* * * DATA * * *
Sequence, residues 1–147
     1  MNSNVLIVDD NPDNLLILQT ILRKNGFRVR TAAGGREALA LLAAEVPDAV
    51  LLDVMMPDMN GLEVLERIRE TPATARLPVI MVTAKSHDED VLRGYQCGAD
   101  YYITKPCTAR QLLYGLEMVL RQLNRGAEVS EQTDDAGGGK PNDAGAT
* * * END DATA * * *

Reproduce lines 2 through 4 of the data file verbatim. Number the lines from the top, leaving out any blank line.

     1  MNSNVLIVDD NPDNLLILQT ILRKNGFRVR TAAGGREALA LLAAEVPDAV
    51  LLDVMMPDMN GLEVLERIRE TPATARLPVI MVTAKSHDED VLRGYQCGAD
   101  YYITKPCTAR QLLYGLEMVL RQLNRGAEVS EQTDDAGGGK PNDAGAT